[Letter] One-stop energy shop will cause more problems

SA’s state institutions may best be described as beset with red tape, perpetually offline systems as a result of load-shedding, long queues, and even longer processing times. Despite the urgency for additional energy generation from the private sector to lessen load-shedding and the energy crisis, companies seeking approval and permits to generate electricity are burdened with long-waiting times and an unnecessarily long administrative process. These are the two key obstacles to independent energy generation.

To improve the process, the government has launched a “one-stop energy shop” (EOSS). In addition to the EOSS, an Energy Resilience Fund (ERF) will be launched as well to streamline the administrative channel. This “shop” aims to tackle the obstacles that the private sector faces, such as private energy projects needing to go through 12 administrative phases which can take up to (and usually do) a year.

Trade, industry & competition minister Ebrahim Patel, whose department will be overseeing this new project, said that the one-stop energy shop will address “the many regulatory and other measures that energy developers need to comply with, which slows down approval of energy supply projects”. Patel argues that the project will be aimed at mainly fast-tracking renewable energy projects to provide additional megawatts to the grid.

This new faculty [are] in line with the interventions announced in July 2022 by President Cyril Ramaphosa. These interventions are laid out in the government’s energy crisis response plan.

The first question that needs to be asked is why does this new shop/facility/entity fall under the department of trade, industry & competition, and not under the brand new ministry of electricity? The purpose [of] establishing a new, separate ministry was to ensure the full implementation of the energy action plan as well as to drive the significant reduction of the “severity and frequency of load-shedding as a matter of urgency”.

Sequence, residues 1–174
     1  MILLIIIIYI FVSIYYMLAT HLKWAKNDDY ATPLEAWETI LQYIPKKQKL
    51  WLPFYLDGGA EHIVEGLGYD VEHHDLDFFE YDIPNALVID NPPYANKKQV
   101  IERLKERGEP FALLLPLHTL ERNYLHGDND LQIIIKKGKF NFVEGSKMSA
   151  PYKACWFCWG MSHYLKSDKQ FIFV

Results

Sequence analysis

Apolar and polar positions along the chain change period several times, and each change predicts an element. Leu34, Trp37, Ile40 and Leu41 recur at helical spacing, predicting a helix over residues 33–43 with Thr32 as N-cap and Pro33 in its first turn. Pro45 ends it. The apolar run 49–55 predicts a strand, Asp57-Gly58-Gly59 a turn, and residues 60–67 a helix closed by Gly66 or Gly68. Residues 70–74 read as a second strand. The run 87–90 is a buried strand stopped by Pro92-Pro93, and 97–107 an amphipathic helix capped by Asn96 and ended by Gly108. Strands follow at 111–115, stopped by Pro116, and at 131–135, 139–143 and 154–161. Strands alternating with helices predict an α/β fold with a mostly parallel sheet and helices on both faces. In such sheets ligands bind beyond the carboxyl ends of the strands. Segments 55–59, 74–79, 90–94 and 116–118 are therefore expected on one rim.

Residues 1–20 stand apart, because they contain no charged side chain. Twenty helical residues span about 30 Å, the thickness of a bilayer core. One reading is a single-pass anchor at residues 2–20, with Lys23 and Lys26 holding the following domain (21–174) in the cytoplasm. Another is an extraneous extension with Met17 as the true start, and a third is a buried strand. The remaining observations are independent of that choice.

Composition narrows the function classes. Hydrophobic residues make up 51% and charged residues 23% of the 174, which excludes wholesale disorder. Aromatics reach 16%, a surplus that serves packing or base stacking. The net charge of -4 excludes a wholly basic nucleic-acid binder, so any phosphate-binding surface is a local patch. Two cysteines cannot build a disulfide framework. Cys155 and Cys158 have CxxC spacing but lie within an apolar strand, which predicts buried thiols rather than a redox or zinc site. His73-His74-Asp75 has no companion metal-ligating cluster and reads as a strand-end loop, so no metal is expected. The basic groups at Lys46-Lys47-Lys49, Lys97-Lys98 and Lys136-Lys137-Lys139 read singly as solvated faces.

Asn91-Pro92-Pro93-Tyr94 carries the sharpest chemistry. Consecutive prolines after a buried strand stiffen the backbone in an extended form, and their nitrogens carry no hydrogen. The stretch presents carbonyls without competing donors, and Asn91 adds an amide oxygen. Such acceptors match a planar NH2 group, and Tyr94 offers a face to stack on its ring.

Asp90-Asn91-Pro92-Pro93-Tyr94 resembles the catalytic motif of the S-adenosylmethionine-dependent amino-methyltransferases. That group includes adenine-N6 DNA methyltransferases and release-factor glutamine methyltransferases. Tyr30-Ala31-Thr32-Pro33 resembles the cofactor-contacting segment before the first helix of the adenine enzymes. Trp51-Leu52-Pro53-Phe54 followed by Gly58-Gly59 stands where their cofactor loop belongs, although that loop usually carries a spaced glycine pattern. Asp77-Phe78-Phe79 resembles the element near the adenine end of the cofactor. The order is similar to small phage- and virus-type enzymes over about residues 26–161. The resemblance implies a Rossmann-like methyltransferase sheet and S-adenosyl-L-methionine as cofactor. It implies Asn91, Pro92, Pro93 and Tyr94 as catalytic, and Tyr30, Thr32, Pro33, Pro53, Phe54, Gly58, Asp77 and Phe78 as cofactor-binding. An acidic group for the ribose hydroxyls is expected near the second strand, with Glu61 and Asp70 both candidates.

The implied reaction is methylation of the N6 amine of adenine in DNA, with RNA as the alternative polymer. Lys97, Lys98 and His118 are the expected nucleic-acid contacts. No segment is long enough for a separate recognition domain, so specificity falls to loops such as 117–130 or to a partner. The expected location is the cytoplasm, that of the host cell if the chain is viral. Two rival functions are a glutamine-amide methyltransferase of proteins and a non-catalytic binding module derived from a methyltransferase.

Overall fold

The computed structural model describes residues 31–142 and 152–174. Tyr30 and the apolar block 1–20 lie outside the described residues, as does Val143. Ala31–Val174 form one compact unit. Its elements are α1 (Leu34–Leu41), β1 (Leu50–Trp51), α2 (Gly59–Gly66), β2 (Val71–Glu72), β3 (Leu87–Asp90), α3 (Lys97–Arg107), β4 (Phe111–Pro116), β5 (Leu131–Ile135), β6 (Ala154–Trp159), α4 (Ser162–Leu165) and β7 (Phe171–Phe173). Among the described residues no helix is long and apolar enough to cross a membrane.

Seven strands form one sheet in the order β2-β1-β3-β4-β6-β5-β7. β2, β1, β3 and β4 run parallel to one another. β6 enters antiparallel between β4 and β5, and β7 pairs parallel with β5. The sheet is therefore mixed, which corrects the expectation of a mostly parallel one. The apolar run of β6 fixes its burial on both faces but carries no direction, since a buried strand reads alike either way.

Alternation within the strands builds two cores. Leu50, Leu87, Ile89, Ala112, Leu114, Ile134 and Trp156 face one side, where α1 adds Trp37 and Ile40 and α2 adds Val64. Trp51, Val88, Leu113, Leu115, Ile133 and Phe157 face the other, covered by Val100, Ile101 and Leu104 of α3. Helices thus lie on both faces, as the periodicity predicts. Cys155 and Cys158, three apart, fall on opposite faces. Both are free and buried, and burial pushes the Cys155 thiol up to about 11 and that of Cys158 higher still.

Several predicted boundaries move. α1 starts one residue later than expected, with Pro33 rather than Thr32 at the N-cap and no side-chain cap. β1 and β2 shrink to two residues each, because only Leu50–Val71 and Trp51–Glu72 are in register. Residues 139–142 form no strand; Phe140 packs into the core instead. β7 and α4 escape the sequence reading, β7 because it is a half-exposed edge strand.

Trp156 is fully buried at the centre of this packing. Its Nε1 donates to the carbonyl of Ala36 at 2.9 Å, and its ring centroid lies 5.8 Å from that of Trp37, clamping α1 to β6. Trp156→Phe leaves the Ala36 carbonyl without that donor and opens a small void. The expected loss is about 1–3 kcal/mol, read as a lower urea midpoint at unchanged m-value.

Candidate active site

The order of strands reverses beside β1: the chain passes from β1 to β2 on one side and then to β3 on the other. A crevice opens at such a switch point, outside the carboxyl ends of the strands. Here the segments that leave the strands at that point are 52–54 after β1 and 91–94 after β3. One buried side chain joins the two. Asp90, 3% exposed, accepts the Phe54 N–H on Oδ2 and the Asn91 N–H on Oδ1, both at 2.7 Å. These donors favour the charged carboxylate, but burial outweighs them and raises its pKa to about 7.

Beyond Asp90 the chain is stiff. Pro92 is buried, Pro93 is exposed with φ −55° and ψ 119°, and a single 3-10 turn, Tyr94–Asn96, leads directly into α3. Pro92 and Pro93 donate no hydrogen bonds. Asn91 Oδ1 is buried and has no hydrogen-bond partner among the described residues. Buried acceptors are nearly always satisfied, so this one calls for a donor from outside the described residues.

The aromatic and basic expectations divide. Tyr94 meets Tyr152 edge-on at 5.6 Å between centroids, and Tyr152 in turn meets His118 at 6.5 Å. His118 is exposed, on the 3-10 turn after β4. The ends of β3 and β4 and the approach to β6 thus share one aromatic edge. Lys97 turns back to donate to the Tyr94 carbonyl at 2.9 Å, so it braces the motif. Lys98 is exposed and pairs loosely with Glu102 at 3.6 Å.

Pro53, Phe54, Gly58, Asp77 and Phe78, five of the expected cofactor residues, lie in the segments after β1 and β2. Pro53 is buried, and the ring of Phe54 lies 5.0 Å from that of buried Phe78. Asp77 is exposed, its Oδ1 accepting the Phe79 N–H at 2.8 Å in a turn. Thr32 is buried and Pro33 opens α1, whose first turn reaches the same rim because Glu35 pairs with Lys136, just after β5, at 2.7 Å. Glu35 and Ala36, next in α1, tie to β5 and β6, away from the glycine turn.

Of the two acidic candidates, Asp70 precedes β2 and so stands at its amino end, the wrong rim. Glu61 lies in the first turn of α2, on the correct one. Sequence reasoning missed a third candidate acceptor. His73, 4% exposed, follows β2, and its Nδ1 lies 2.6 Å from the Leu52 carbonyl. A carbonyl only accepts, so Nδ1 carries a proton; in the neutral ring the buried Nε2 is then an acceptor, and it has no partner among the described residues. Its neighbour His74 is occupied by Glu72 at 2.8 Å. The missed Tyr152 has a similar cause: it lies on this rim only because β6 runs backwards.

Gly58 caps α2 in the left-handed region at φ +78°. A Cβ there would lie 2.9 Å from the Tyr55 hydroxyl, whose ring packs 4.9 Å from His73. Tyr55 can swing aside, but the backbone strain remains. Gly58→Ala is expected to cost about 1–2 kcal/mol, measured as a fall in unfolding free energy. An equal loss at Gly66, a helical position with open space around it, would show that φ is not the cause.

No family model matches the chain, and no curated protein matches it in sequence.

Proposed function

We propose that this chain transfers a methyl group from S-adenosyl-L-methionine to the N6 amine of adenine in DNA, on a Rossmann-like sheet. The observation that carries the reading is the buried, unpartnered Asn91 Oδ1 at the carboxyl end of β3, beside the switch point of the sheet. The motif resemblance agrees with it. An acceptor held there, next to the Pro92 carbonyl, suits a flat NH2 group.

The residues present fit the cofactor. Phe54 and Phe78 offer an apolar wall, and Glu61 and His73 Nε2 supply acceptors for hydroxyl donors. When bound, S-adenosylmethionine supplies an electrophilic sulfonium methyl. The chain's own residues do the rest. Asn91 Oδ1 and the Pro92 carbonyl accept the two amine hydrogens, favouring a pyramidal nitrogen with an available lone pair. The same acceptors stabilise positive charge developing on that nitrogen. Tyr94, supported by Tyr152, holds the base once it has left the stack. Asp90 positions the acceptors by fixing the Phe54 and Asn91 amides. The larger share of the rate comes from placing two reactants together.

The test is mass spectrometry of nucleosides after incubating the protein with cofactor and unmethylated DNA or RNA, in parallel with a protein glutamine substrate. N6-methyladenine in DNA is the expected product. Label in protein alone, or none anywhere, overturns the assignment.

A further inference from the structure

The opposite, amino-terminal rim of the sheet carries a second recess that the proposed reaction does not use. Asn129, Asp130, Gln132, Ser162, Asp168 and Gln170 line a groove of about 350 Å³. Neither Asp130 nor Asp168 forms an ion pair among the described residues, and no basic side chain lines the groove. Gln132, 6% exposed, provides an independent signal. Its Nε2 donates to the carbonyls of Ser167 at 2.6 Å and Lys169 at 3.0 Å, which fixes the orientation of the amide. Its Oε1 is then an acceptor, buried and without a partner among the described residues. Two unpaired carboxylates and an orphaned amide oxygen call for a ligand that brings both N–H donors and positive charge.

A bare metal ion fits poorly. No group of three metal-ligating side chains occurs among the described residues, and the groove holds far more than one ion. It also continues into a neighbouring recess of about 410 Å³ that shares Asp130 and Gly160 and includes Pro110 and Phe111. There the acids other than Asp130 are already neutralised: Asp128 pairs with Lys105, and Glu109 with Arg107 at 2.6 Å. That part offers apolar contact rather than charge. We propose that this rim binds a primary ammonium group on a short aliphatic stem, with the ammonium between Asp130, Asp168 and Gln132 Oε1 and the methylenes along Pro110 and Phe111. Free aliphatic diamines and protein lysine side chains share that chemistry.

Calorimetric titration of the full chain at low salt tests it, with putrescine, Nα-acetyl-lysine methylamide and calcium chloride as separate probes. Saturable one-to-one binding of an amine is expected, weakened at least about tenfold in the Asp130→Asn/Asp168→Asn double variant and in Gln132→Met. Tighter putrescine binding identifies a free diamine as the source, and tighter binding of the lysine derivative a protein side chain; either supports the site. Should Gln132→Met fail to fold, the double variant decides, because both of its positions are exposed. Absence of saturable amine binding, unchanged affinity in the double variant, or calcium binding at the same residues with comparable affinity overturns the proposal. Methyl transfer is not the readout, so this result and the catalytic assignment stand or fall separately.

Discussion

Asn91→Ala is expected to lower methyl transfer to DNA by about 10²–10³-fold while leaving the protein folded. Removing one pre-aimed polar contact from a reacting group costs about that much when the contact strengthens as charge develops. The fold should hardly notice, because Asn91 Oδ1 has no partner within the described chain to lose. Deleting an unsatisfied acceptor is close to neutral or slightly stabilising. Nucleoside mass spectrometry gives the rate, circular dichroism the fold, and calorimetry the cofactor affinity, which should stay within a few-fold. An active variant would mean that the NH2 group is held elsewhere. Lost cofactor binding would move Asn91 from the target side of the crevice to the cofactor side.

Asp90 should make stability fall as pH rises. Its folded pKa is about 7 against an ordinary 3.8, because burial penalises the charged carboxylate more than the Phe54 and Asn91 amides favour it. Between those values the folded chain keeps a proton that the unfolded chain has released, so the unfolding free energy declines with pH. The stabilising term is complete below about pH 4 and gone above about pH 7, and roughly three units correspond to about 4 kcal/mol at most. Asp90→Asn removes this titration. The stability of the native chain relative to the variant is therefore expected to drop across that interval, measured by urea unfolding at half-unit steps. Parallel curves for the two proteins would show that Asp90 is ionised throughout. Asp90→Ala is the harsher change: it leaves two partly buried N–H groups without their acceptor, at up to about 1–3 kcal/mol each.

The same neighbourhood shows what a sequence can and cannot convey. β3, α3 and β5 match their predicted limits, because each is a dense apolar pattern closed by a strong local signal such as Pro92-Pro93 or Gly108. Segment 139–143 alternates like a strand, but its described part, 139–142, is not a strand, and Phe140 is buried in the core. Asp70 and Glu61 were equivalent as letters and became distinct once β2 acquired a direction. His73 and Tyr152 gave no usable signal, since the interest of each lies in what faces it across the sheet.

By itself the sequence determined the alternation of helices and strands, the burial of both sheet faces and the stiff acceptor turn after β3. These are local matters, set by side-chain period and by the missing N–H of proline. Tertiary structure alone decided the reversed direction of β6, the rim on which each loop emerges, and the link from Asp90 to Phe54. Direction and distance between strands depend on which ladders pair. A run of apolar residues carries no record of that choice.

The EOSS will be rolled out in four stages, starting with phase one, which has been completed and involved the appointment of personnel, website design and the creation of an online registration portal with a mapping function to monitor where in the administrative approval process the project is.

Phases two to four have yet to begin. These phases cover capacity building at municipal and provincial levels, the creation of a “single electronic application”, and finally the completed process and beginning of the full project. James Mackay, CEO of the Energy Council of SA, says the EOSS will “reshape the regulatory framework” of energy generation.

On the surface it appears that the EOSS has the potential to deliver on the policy reforms promised by President Ramaphosa, but another question immediately springs to mind. Will this new platform, which has only completed one of four phases, not generate a greater backlog? There has yet to be any timeline provided for when new system will be online and accessible to the public. Until such a time SA businesses and the private sector will be stuck using the current system with all its faults and challenges.

It appears that our government officials have locked themselves up in an ivory tower full of new policy proposals, big ideas and slow reforms, far removed from the SA citizen on the ground. The EOSS and its subsequent fund aim to streamline the feeding of renewable energy generation into the grid, but instead, with its undetermined time frame and yet more regulation, changes are likely to aggravate the obstacles it aims to fix.

The government’s big light bulb ideas are set to leave South Africans, in the literal sense, in the dark yet again.

Originally published here.

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